However, the basic mechanism has continued to operate in which a positive output gap -- a rise in the level of economic activity -- results in moderate increases in wages and prices. Let me elaborate on this point. As I mentioned earlier, in a situation where the economy has been expanding moderately and labor market conditions have remained tight, wages of employees have continued to rise and base pay increases have been achieved for a sixth consecutive year. On the other hand, firms have faced upward pressure such as of personnel expenses and distribution costs on prices resulting from an increase in economic activity. In this situation, moves to raise selling prices have been spreading gradually among firms (Chart 7). Regarding the output prices DI in the Tankan (Short-Term Economic Survey of Enterprises in Japan), the situation has continued for seven consecutive quarters in which the proportion of enterprises answering that the output prices have risen has exceeded the proportion of those answering that such prices have fallen. This already has lasted for a longer period than that observed during the bubble period. Firms' stance steadily has shifted toward further raising prices. In addition, looking at annual price changes across all CPI items, the share of price-increasing items minus the share of price-decreasing items recently has been increasing moderately. Of course, the reason why firms can raise selling prices is that households' tolerance of price rises has been increasing, albeit moderately, on the back of improvement in the employment and income situation. Such improvement has been achieved especially because the economy has been expanding moderately and the positive output gap has been maintained.

As for the outlook, it is likely that Japan's economy will continue on an expanding trend and the output gap will remain positive. With the level of economic activity remaining high, firms' stance is expected to gradually shift toward further raising wages and prices and medium- to long-term inflation expectations of firms and households, which have been more or less unchanged recently, are projected to rise gradually. Under these circumstances, the year-on-year rate of change in the CPI is likely to increase gradually toward 2 percent, although this will take time.

Regarding this baseline scenario of the outlook for prices, however, risks are skewed to the downside. In particular, recently, slowdowns in overseas economies have continued to be observed and their downside risks seem to be increasing. Thus, it is necessary to pay closer attention to the risk that the economic slowdown stemming from overseas economies will spread to prices. I will elaborate on this point later when I talk about the Bank's thinking behind the conduct of monetary policy.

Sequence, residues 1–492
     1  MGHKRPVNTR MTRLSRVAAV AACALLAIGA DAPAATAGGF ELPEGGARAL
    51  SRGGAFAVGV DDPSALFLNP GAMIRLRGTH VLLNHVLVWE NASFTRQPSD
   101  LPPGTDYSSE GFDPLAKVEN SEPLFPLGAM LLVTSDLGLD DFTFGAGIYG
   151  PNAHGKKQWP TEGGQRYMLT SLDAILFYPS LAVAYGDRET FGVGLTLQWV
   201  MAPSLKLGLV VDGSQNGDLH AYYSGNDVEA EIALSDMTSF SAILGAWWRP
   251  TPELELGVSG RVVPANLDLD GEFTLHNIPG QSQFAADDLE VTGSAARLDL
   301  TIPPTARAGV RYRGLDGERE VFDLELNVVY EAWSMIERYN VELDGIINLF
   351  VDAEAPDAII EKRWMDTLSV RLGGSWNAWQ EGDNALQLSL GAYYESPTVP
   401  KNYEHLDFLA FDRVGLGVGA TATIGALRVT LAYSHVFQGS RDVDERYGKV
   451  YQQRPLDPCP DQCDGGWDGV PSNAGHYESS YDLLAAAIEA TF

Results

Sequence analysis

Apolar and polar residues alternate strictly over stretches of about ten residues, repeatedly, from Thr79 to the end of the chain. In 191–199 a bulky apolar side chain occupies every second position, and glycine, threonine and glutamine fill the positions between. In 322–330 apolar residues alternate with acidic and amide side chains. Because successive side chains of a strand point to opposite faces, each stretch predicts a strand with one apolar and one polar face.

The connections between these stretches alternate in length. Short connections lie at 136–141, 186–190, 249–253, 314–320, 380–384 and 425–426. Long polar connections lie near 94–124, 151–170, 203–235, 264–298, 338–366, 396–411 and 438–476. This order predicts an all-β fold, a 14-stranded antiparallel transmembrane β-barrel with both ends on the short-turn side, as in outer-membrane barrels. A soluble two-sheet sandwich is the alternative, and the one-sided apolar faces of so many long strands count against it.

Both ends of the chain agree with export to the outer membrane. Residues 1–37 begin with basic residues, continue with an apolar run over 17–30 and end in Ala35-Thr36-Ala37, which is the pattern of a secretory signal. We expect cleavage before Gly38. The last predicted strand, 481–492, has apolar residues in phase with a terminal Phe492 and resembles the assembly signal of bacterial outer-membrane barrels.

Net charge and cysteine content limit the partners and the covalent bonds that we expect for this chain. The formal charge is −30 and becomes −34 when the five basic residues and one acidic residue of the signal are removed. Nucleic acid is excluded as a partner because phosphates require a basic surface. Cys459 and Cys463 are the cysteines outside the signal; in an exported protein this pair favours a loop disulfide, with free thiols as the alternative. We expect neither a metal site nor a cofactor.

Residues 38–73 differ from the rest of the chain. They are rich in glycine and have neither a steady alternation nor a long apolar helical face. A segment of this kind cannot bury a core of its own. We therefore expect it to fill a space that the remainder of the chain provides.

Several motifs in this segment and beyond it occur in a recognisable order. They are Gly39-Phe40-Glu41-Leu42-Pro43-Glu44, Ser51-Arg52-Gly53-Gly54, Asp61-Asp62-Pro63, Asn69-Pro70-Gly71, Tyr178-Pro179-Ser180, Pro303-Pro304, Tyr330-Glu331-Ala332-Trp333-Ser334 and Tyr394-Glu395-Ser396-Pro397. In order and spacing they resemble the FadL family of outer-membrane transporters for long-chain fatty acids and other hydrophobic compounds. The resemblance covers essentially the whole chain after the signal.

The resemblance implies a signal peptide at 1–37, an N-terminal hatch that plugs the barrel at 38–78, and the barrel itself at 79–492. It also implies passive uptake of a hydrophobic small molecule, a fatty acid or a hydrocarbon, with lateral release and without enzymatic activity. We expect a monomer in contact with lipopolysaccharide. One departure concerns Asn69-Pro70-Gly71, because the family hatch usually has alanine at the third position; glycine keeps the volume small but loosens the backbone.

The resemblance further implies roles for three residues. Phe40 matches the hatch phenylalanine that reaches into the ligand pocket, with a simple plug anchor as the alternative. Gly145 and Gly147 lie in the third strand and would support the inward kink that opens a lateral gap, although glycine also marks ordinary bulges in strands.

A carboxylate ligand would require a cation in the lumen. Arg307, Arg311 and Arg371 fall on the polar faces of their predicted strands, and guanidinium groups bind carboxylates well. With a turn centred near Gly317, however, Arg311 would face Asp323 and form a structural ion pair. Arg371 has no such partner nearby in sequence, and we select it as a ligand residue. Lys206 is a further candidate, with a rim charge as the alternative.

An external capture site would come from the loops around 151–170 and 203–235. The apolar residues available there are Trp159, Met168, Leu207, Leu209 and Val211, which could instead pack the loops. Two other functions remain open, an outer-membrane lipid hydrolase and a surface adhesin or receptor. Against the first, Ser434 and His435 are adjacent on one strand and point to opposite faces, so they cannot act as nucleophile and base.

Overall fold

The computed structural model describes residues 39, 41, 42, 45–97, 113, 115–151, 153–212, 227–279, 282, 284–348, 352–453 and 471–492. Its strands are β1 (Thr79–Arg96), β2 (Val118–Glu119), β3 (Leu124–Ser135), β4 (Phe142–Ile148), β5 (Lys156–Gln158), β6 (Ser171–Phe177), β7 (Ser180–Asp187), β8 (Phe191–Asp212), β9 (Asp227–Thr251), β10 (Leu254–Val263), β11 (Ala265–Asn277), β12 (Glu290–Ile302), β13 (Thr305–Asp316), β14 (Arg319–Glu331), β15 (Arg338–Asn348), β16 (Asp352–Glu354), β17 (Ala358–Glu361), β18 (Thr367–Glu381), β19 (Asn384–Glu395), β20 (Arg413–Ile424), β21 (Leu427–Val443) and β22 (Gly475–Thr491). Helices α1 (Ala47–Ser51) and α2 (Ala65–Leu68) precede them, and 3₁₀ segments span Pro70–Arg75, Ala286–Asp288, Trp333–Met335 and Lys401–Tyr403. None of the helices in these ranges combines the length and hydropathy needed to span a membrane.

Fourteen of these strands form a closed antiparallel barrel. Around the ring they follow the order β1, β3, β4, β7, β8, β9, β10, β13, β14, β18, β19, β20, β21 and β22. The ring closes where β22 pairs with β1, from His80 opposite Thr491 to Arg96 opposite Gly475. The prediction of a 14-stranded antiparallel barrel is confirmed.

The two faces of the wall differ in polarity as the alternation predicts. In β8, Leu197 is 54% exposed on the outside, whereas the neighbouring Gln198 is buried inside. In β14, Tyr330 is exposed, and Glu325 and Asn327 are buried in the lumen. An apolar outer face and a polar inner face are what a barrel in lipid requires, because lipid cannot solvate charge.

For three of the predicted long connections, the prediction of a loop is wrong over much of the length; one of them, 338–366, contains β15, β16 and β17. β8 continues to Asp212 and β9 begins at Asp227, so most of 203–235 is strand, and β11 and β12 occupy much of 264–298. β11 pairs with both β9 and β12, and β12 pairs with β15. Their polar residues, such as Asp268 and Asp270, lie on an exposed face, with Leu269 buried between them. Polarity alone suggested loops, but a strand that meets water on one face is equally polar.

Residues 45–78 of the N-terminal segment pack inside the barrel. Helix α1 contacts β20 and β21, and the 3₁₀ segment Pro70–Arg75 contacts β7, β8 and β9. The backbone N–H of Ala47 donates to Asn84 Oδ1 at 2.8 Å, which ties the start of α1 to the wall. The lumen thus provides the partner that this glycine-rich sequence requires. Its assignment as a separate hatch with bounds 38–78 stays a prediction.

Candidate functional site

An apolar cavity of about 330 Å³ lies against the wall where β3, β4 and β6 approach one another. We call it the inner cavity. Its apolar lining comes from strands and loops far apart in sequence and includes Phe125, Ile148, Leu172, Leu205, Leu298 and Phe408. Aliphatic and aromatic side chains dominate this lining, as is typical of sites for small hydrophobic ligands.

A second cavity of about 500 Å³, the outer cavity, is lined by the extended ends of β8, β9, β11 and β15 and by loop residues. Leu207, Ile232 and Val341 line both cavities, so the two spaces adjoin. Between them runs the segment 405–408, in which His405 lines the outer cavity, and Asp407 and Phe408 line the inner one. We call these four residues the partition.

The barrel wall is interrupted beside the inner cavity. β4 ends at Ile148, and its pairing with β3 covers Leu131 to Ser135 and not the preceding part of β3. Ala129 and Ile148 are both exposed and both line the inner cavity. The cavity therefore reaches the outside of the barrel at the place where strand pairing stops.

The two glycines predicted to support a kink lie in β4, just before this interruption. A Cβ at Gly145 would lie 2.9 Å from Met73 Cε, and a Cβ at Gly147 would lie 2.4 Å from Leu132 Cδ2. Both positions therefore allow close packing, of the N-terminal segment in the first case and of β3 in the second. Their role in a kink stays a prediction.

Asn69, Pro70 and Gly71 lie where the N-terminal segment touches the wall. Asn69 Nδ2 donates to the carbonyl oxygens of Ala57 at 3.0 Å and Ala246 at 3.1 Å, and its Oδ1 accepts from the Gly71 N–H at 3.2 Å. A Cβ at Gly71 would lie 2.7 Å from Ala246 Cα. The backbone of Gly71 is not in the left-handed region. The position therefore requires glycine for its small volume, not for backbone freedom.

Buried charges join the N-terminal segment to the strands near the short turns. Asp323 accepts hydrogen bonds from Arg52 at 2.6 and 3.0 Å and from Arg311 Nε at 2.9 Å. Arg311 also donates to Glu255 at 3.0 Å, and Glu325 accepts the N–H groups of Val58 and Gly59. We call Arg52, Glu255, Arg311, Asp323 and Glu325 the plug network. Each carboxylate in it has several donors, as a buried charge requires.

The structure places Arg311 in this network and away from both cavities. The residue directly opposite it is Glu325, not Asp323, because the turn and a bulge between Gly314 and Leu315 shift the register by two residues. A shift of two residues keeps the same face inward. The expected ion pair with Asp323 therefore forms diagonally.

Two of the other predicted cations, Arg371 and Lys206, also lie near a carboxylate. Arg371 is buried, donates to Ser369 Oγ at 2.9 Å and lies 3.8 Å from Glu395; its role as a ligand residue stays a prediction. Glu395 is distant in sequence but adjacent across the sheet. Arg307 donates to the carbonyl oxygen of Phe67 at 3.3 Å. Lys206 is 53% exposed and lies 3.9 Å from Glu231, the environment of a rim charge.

III. The Bank's Conduct of Monetary Policy

Now, I would like to talk about the Bank's conduct of monetary policy.

The Bank has been pursuing powerful monetary easing under the framework of "Quantitative and Qualitative Monetary Easing (QQE) with Yield Curve Control," aiming to achieve the price stability target of 2 percent (Chart 8). The main transmission mechanism of monetary easing that the Bank assumes is to lower real interest rates, which are calculated by subtracting inflation expectations from nominal interest rates. Real interest rates currently are well below the natural rate of interest, which is neutral to economic conditions, and are stimulating a wide range of economic activities. In this situation, the inflation mechanism driven by the positive output gap has been operating, as I mentioned earlier. In order to achieve the price stability target, the Bank considers it important to ensure that the inflation mechanism continues to operate and thereby maintain the momentum toward achieving the target.

This stance of monetary policy conduct by the Bank basically has not changed from a year ago, when I spoke at this meeting last time. On the other hand, monetary policy conduct of major central banks abroad has changed significantly from last year's moves toward normalization. This month, the European Central Bank (ECB) decided to lower one of its policy rates and restart its asset purchases, and the Federal Reserve also decided to lower its policy rate, following the rate cut in July. Factors that lie behind these decisions are the prolonged slowdown in the global economy and heightening uncertainties, which Japan is also facing. At the press conference after the decision to take monetary easing measures, President Draghi of the ECB underlined that, in an environment of prolonged uncertainties related to, for example, geopolitical factors and the rising threat of protectionism, international trade had been weakening and downside risks surrounding the euro area economy were significant.